Jack Jackowetz shows us the extraordinary beauty of the Brantford commonplace in his new addition to the Yellow Brick Wall: Exhibition No. 5.
The Yellow Brick Wall features Exhibition No. 5 from January 5th to February 15th. Exhibition No. 5 features a series of photographs of Brantford, each in his self-described “post impression photography” style. All 20 photographs have never been seen before, either in his books or in his galleries. The name Exhibition No. 5 refers to the Yellow Brick Wall itself, Jackowetz being the 5th artist to feature on it.
With the effective use of his signature style, Jackowetz aims to return the viewer to their childhood, playing to memories linked to the architecture. “It’s just a matter of paying attention to your surroundings,” says Jackowetz. “There’s always memories associated with different places that you went to, or hung out at, or visited. If you were in Brantford, the federal building, the old post office building, has two lions at the entrance-way. Every kid in Brantford has sat on those lions. It’s just a rite of passage, it’s what you do here.”
Jackowetz, living in Brantford himself, saw the Yellow Brick Wall as the perfect venue. Jackowetz is an active player in the community, holding various titles throughout Brantford. “I am past president of the Historical Society, I was on the Board of Directors, I’m the chair of the Brantford Arts Block, I was the chair of the Heritage Committee, I am the chair of the Tourism Advisory Committee, and I’ve been involved in many things Arts and Culture related in the city,” said Jackowetz.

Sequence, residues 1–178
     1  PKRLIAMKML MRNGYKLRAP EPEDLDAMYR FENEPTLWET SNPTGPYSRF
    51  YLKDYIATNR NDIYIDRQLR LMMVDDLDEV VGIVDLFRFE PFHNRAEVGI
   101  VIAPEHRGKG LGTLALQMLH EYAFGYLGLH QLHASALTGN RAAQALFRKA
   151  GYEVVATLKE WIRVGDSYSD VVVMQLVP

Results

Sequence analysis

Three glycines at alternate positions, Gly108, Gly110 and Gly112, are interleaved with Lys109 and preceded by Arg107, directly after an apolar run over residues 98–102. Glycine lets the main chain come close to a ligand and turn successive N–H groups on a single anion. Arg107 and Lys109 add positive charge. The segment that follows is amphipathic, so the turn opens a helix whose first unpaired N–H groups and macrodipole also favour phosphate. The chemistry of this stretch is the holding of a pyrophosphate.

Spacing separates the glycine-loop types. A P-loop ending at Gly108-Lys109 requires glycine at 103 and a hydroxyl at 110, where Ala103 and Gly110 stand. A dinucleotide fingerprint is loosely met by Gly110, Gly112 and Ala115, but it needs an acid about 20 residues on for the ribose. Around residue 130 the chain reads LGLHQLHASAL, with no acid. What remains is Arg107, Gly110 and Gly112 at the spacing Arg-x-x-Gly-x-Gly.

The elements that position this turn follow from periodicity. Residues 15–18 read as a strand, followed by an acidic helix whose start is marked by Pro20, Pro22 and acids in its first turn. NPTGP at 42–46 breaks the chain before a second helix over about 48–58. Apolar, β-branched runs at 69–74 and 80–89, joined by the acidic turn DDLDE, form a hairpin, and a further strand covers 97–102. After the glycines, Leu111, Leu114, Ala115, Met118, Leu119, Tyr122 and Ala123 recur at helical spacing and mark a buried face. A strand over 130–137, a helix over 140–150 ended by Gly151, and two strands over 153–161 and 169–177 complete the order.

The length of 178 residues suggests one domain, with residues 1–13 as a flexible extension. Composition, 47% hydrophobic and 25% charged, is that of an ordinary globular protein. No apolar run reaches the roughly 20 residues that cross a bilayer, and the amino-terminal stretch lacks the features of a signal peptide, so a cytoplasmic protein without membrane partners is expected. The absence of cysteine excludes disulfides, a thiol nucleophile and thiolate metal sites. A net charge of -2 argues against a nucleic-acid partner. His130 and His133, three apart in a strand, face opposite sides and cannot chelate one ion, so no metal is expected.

Making his involvement in the city no secret, Jackowetz aims to make Brantford, and culture and history, the best it can be. “I think we need to appreciate where we live and what we have around us, and when we do that, we think ‘you know, this place isn’t so bad after all, this is a really cool place,’ and if I can help with that, that’s satisfying,” said Jackowetz. “Wherever you live, you have a choice to look for the good or look for the bad, and you make the best of a situation or you don’t. If you don’t like what you see, then you have to do something, and that’s why I get involved not only in art but in community initiative, because I want this to be a great place to live, because I think it is.”
It is no secret that for some students, Brantford is difficult to call home. Whether it is too cold, too big of a city, too small of a city, too gray, too green, Brantford can’t please everyone. The problem however, doesn’t lie in the size of the city, or the temperature outside, but instead in the viewpoint one views it with. Extraordinary beauty lies in the commonplace, and Exhibition No. 5 is a perfect example of that.
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